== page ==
Wednesday, November 30, 2005

Shhh! Alan Furst has a secret

For nearly twenty years, Alan Furst has been writing well-regarded espionage thrillers set in Europe in 1930s and 1940s. A few years ago, on the recommendation of a friend from Oxford University Press, I read one, The Polish Officer. It left me kind of flat. It wasn't bad—it just didn't ever quite engage me. But my regard for my friend's taste was such that when I was browsing recently in a used bookshop near my house, I picked up another one, The World at Night, and my faith was rewarded. It's a solid thriller, in a fully realized setting, managing to convey the frustration, anger, and sadness of France just after the start of the war without forcing the issue.
Furst's writing is good enough that he doesn't fall victim to that. Clunky sentences didn't stop me, and he didn't push too hard for emotional effect; the one fault he's guilty of is over-romanticizing his protagonist, Jean-Claude Casson, a film producer who stumbles into espionage. Casson is conflicted and uncertain, wondering, like all his friends, where the line falls between collaboration and merely attempting to get on with one's life under occupation. He's not a trained agent, and he makes mistakes. Yet he shares with James Bond the ability to always remain an idealized image of manliness—casually good-looking, well-dressed, irresistible to women. For example:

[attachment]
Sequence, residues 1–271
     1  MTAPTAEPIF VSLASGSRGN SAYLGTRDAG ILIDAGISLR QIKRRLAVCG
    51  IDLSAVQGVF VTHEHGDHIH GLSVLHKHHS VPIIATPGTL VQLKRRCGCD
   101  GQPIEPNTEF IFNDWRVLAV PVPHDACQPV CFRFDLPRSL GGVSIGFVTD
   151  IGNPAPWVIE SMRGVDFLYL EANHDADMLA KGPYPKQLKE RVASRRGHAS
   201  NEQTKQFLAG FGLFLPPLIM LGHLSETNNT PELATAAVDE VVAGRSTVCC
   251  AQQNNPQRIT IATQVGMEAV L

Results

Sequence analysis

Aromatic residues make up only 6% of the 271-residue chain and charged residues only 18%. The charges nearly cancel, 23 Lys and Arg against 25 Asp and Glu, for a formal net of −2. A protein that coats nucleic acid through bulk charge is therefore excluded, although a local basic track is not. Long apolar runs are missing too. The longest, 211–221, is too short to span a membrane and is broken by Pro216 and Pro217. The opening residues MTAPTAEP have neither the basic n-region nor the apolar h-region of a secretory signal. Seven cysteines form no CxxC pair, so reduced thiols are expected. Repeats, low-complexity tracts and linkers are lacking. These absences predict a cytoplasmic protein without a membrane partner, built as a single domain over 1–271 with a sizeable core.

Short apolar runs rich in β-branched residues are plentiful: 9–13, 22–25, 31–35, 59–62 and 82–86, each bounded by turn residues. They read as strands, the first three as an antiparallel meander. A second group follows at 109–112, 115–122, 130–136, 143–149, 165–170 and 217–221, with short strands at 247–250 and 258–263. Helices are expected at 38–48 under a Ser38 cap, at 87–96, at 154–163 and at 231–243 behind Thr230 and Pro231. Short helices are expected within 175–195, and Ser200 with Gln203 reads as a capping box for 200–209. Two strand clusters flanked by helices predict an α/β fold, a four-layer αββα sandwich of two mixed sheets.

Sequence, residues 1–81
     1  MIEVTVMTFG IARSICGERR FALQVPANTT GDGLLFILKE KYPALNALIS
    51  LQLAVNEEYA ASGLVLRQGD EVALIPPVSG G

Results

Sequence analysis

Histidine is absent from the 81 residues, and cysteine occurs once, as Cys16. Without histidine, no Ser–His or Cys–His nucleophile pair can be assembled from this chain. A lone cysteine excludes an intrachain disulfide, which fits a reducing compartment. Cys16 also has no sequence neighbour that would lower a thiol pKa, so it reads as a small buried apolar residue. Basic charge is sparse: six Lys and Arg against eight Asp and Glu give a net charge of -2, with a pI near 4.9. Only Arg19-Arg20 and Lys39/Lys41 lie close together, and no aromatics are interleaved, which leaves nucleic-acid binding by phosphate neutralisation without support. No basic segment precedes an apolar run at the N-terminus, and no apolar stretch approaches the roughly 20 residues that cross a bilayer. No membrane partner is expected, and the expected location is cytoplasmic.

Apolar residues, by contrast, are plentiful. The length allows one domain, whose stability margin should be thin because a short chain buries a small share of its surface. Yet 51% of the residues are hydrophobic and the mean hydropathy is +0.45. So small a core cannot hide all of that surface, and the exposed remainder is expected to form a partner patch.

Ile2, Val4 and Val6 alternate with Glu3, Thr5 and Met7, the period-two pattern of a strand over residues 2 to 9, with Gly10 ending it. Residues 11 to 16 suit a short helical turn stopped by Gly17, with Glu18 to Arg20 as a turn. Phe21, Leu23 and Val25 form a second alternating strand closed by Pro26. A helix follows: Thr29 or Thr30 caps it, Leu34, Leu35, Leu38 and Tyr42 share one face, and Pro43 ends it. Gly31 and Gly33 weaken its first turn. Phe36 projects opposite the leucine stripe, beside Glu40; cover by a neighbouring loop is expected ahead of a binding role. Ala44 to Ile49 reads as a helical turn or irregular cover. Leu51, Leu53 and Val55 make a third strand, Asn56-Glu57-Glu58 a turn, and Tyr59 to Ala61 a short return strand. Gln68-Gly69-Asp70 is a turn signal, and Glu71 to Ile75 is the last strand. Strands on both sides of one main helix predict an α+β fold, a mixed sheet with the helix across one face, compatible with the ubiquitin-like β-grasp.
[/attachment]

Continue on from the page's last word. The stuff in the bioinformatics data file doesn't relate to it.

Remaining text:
He ran in to the bathroom down the hall and stared into the mirror above the sink. Shit! Well, not much he could do about it now—his shirt was tired, his jacket unpressed. But he'd shaved carefully that morning—he always did—his hair simply looked vaguely arty when he avoided the barber, and his shoes had been good long ago and still were. It was, he thought, his good fortune to be one of those men who couldn't look seedy if he tried.

It's the bit about shaving that ruins it for me, the "he always did." It's too much. Let the guy just look lousy for once. It's the early days of World War II, for god's sake.

But that minor sin is more than balanced by Furst's ability to conjure up a believable wartime atmosphere, a complex plot, and real tension. Both this book and The Polish Officer successfully give the sense of wheels within wheels, layers of secrecy and knowledge that extend, and overlap, the circumscribed world and actions of Furst's protagonists. When Casson happens across an Englishman on a train platform in Spain who's surprisingly helpful, we're left to wonder whether the man was an agent of some sort—and we never learn. Much is left unknown. Characters enter and disappear. Maybe some die; maybe some are double agents. Furst resists the temptation to reveal, to tie things up neatly.

That's a part of what's best in the books, the sense that while the events of the book were, as they happened, matters of life and death to the characters, they might not have actually accomplished anything—probably didn't, to be honest. The war will go on, and more people will die, in public and in secret. People are small and insignificant when nations go about mass killing. But the characters continue risking their lives, much like believers continue to pray without demonstrable results, because to do otherwise ultimately becomes unthinkable.

1 comment:

  1. Perhaps meticulous grooming stands as a metaphor for, um, not getting killed every day in the, um, cold war against, um, disshevellment?-ed?-ness?